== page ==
A frog meat processing line at Tân Thành Lợi Co., Ltd., in the southern province of Long An. The product is exported to the EU. The company expects to raise its export in the future after the EVFTA comes into effect. — VNA/VNS Photo
HÀ NỘI — As the European Union (EU) – Việt Nam Free Trade Agreement (EVFTA) took effect amid the COVID-19 pandemic that has disrupted global supply chains, investment and trade flow, local firms need appropriate solutions to take advantage of the trade agreement, a seminar has heard.
The seminar on finding opportunities for Vietnamese companies amid COVID-19 was held in Hà Nội on Wednesday, organised by the Vietnam International Arbitration Centre (VIAC) and Việt Nam Chamber of Commerce and Industry (VCCI).
Experts at the seminar noted that the COVID-19 pandemic might change the EU market.
Economist Võ Trí Thành said that to adapt to the trend of restructuring the global supply chain caused by the pandemic, Vietnamese businesses must focus on innovation and utilise digital transformation to bring products to market.
He also recommended businesses strengthen connectivity to build partnerships and markets, grasp and understand international practices and pay more attention to brand reputation building, social responsibility and risk management.
The EU market is not incredibly large with about 500 million people, but it is the second-largest commodity importer in the world. Key products of Việt Nam exported to the EU include footwear, vegetables and fruits, aquatic products, wood and plastic.
The benefit the EVFTA brings to Vietnamese enterprises is to take advantage of tariff preferences for exports, but the EU has stringent policies, laws, and business and consumption culture, said Nguyễn Thị Thu Trang, director of the WTO Integration Centre under the VCCI.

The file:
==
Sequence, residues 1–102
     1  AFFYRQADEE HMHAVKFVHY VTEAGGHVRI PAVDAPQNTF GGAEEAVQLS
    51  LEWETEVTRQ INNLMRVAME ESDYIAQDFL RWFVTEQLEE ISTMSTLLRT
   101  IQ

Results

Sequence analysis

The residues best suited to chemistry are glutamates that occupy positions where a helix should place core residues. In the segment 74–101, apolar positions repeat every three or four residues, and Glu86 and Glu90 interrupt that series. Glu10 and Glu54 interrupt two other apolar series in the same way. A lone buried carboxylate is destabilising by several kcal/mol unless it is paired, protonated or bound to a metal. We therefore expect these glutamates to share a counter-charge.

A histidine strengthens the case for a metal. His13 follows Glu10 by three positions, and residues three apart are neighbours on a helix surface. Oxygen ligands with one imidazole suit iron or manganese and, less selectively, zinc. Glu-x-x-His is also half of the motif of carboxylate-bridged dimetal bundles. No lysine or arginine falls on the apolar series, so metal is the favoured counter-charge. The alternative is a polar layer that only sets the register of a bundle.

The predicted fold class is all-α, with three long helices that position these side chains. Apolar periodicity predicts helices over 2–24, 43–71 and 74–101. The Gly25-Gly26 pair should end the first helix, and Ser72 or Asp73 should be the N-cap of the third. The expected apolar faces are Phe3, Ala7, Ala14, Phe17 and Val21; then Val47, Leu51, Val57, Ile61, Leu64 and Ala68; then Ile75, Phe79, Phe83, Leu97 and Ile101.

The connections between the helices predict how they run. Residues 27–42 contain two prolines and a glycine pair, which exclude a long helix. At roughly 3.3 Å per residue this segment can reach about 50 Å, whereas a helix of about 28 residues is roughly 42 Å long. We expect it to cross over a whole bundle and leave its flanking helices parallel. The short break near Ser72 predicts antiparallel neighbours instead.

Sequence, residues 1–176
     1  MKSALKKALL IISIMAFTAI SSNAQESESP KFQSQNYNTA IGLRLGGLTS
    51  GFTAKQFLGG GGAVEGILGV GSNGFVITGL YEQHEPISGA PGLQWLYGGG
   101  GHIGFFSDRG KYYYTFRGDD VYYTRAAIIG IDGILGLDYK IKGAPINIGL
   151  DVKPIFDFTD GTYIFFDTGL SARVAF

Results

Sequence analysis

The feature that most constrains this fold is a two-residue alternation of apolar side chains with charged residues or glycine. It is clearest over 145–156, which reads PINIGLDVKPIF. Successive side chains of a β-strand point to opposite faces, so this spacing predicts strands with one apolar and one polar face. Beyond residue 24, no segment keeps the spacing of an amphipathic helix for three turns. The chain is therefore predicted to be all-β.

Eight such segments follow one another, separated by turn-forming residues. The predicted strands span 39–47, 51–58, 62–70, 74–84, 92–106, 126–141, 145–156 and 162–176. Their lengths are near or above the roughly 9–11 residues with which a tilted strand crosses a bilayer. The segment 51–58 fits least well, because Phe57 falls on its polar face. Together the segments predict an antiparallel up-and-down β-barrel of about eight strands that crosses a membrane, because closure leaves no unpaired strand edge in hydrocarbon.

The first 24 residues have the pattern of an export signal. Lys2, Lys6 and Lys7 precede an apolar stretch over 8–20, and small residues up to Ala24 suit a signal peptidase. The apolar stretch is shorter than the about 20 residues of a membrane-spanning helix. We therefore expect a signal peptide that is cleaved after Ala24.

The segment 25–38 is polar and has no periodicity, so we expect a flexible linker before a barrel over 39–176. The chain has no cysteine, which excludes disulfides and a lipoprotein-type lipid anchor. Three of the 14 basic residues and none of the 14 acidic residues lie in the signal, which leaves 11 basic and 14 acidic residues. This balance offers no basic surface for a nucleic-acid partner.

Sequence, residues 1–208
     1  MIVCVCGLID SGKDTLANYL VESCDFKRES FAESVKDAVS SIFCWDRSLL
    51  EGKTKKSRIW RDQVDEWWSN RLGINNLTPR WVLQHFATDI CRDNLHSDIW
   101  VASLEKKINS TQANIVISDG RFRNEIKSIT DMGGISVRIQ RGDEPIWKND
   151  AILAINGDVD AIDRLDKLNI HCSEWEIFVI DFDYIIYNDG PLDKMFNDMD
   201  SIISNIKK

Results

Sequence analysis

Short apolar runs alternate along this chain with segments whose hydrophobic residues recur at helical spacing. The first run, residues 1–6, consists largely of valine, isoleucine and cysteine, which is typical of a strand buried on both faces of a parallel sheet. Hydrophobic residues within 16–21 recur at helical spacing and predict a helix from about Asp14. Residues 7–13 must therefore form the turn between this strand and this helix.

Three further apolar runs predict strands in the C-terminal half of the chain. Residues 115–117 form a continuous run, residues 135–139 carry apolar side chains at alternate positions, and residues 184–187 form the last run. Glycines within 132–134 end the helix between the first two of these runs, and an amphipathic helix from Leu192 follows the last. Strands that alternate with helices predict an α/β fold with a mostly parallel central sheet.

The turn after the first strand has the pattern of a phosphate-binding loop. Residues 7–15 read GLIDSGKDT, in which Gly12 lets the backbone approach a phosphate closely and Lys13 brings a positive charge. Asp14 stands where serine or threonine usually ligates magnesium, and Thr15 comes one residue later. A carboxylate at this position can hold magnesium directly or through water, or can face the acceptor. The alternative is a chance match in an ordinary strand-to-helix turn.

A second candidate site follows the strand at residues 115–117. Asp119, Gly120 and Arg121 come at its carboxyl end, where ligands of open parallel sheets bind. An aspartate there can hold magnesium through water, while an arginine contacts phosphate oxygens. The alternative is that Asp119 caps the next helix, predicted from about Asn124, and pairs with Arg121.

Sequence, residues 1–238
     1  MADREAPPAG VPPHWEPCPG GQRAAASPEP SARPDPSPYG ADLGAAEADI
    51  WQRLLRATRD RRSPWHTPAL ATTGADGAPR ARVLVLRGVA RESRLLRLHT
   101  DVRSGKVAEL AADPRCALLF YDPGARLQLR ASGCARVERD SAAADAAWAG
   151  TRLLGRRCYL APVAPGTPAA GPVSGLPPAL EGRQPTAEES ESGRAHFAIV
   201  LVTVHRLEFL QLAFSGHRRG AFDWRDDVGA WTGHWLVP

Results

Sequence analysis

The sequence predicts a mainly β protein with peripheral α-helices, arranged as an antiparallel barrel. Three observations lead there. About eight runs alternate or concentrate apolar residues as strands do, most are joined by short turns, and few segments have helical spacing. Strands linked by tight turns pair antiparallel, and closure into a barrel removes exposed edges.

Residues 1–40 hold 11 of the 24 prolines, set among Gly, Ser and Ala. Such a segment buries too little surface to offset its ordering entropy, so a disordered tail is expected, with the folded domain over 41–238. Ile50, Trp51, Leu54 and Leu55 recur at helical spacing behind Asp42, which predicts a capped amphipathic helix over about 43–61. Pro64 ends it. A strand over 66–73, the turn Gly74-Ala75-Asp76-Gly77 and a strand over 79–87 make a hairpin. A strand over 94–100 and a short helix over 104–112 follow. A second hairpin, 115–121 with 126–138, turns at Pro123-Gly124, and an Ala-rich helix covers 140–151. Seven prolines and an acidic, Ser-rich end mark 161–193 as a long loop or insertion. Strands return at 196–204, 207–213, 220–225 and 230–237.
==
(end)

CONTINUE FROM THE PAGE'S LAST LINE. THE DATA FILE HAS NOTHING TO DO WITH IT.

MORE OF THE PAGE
The EU has many regulations on technical barriers related to food hygiene and safety, goods labelling, labour, environment and intellectual property.
Trần Hữu Huỳnh, VIAC chairman, said EU inspection systems were very strict and EU consumer culture was high, therefore, products must meet their criteria.
The legal culture in doing business between European and Vietnamese enterprises also had a gap, he added.
For example, EU businesses were very strict when implementing contracts with clear standards and criteria, he said.
Vietnamese firms, especially small and medium-sized enterprises, tended to draft incomplete contracts with a lack of detail, leaving them at a disadvantage when disputes occurred, he noted.
In order to take advantage of EVFTA's opportunities, Vietnamese businesses need to thoroughly understand legal issues, consumer culture, corporate governance and partners of its partner, said Huỳnh. — VNS